Unlike TPVG, Solar is a P/E investor that focuses on debt, not equity—making it a lower risk BDC than most others. But Solar carries even less risk because of the kind of debt it invests in. A full 100% of Solar Senior’s loans are in, you guessed it, senior debt. These are secured loans with collateral against them, so if the debtor defaults, Solar will still get paid in one form of another.

To make the stock even safer, Solar has a very diversified portfolio. Last quarter the BDC lent to 51 companies in 25 industries, with 2% of its portfolio exposed to one particular company on average. Solar’s biggest industry exposure is to insurance, at 11.4%—followed by professional services (9.6%), financial services (9.5%) and health care services (8.5%). These are relatively safe sectors in today’s market, and Solar has steered clear of energy altogether.

Now for the good part: Solar pays an 8.7% yield at current prices, and it is trading at a 2.8% discount to its net asset value (NAV). Once a great secret thanks to its small market cap, SUNS has received a lot of attention lately, boosting its share price 23% since February. There’s still room to go higher, but that doesn’t matter; that dividend is the real allure of this name.

Old School Middle Market Mavens

Triangle Capital Corporation (TCAP) has stayed true to the idea of the BDC, which was first invented by a 1940 law: invest in important, often unseen, companies that build and improve America’s infrastructure. TCAP’s portfolio is full of companies that sell security systems, automotive components, and even a company that helps brands make perfumes.

These are companies no one has ever heard of, but are essential to the productive American economy, and quietly generate cash flow while the world obsesses over big cap names.

This is why TCAP shareholders are lucky. They can profit off of the dogged endurance of these middle market companies no matter how unsexy they may be. And profits are to be made. Triangle Capital has covered dividends with investment income for over two years, with the important exception of last quarter when a retirement from the board triggered a fee payment that hurt overall net investment income.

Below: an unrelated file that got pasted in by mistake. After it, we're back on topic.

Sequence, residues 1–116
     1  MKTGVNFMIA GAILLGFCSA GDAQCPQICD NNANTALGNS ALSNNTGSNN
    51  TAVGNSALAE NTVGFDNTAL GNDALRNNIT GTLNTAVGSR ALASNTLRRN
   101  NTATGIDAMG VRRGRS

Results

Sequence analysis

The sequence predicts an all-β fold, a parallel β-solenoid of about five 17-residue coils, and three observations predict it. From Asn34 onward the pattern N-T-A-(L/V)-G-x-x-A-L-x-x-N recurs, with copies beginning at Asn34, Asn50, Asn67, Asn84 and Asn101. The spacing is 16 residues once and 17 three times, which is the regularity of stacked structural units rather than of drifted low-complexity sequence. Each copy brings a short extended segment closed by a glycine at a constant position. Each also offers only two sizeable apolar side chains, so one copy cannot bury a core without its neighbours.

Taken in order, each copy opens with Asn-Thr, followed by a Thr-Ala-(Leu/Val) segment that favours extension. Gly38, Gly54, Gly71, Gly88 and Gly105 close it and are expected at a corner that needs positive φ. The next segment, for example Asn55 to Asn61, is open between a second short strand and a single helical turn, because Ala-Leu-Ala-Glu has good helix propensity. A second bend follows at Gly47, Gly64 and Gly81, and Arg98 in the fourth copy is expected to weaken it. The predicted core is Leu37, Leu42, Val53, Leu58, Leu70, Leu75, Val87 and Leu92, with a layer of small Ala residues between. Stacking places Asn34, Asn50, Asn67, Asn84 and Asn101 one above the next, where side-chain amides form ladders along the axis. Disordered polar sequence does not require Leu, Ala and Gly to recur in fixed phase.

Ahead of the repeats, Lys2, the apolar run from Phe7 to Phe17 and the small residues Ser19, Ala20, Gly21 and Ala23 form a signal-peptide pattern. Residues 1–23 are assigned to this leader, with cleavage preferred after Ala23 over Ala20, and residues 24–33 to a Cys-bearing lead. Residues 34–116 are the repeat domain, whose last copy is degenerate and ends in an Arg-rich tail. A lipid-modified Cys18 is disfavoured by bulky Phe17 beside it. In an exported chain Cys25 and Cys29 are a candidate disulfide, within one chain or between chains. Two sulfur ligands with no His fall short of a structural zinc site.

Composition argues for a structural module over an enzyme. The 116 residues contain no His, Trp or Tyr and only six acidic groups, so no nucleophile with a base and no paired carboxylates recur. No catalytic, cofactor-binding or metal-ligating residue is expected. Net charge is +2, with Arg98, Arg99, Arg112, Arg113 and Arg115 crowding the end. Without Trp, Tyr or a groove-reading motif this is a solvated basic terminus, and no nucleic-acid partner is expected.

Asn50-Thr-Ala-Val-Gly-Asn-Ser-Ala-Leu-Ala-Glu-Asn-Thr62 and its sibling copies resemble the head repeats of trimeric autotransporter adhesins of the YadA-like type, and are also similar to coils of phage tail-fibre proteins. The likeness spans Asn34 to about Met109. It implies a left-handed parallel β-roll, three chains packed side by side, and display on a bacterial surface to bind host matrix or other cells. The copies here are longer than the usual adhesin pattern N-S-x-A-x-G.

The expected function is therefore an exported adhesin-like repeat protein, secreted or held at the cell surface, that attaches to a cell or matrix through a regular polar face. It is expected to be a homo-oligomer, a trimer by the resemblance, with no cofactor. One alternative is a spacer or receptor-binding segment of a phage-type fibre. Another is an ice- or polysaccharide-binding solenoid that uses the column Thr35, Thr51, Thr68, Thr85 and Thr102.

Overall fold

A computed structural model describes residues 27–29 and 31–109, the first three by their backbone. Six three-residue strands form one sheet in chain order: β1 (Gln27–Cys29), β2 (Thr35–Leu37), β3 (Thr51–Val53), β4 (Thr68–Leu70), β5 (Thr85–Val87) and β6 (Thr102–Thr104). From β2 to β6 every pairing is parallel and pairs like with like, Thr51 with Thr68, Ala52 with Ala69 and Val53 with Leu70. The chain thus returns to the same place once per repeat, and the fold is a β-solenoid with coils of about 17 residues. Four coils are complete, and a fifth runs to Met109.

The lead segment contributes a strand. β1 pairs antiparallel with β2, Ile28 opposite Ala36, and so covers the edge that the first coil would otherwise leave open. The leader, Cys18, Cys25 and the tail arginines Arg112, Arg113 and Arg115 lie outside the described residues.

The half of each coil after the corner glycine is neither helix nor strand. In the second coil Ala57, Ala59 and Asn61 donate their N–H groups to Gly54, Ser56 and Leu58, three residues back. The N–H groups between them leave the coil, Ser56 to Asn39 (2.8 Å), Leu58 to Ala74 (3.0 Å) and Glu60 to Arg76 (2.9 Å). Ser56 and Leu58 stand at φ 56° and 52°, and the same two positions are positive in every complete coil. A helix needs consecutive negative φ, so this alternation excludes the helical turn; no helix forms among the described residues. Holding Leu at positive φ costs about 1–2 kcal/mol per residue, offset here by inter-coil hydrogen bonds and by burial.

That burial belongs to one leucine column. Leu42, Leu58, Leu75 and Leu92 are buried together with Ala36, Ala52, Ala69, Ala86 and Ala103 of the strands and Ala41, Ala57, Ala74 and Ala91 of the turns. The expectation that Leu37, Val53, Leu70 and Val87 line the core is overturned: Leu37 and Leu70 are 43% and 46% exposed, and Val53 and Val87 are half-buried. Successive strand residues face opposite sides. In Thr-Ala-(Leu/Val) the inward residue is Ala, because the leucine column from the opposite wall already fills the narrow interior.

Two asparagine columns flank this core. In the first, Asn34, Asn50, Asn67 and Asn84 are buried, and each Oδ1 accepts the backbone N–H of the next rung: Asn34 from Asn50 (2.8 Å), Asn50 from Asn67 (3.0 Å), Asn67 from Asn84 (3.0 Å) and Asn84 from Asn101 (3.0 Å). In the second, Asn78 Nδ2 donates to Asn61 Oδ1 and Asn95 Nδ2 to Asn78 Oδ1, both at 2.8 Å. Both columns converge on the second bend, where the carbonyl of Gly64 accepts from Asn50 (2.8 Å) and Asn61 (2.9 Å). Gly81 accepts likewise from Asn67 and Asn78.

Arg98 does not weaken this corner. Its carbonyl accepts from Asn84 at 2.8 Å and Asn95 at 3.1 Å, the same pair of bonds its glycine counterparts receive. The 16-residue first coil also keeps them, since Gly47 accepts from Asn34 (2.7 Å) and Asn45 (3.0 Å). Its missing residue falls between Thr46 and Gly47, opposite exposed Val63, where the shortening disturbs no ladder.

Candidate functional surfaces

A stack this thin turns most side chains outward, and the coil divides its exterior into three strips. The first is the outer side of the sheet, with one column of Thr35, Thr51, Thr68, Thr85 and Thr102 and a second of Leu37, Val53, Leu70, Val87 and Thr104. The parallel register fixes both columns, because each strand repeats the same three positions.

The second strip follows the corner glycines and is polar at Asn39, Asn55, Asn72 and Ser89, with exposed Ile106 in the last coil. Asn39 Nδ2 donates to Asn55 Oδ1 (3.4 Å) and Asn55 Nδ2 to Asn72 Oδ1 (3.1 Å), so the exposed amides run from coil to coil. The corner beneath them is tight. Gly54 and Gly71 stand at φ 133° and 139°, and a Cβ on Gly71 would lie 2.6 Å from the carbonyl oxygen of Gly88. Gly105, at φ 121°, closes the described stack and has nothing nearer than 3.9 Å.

That was one reason why TCAP’s dividends were slashed last month, and are now a payout of 9.2% of the company’s current share price. But if we exclude that one-time payment, dividend coverage is 118%, which means a dividend increase is much more likely in the future than a cut.

— Brett Owens

Diversified Private Holdings and High Income [sponsor]

A portfolio of these three BDCs produces a double-digit average income stream and massive diversification thanks to their investments across industries. With a tech specialist, a diversified business services focused investor, and a traditional industrials focused firm, you are getting exposure to a variety of industries and high income thanks to the stewardship of these firms.

Of course, you can’t throw your money at all of these companies, as the big recent payment to TCAP shows—sometimes fees get in the way of your income. So to avoid too much exposure to one management team, you need to diversify across high income yielding stocks and assets.

This is easy to do, if you know where to look. Hedge fund billionaire Jeffrey Gundlach is fawning over a little-known group of funds paying 7% or more in monthly dividend payments. Of course, there isn’t much time to get in on Gundlach’s strategy. As he recently said, these funds have been trading at a massive discount because investors have lost favor in them—but sentiment will soon swing back. Want to get in before that happens and enjoy the profits Gundlach is looking for? Have a look at Gundlach’s 3 “best plays” today to learn more.

Source: Contrarian Outlook